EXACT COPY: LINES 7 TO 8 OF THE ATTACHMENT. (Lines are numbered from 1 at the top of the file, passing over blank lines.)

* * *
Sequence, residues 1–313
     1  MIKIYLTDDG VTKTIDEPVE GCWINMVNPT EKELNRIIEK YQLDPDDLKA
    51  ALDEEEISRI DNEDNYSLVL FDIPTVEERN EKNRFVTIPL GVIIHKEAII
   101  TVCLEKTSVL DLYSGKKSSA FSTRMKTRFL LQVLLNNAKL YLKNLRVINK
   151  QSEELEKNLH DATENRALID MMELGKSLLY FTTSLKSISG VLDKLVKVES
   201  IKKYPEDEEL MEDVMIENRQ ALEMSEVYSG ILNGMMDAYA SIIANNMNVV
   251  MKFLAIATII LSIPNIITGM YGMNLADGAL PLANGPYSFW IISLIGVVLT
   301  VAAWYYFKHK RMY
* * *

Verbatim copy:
   251  MKFLAIATII LSIPNIITGM YGMNLADGAL PLANGPYSFW IISLIGVVLT
   301  VAAWYYFKHK RMY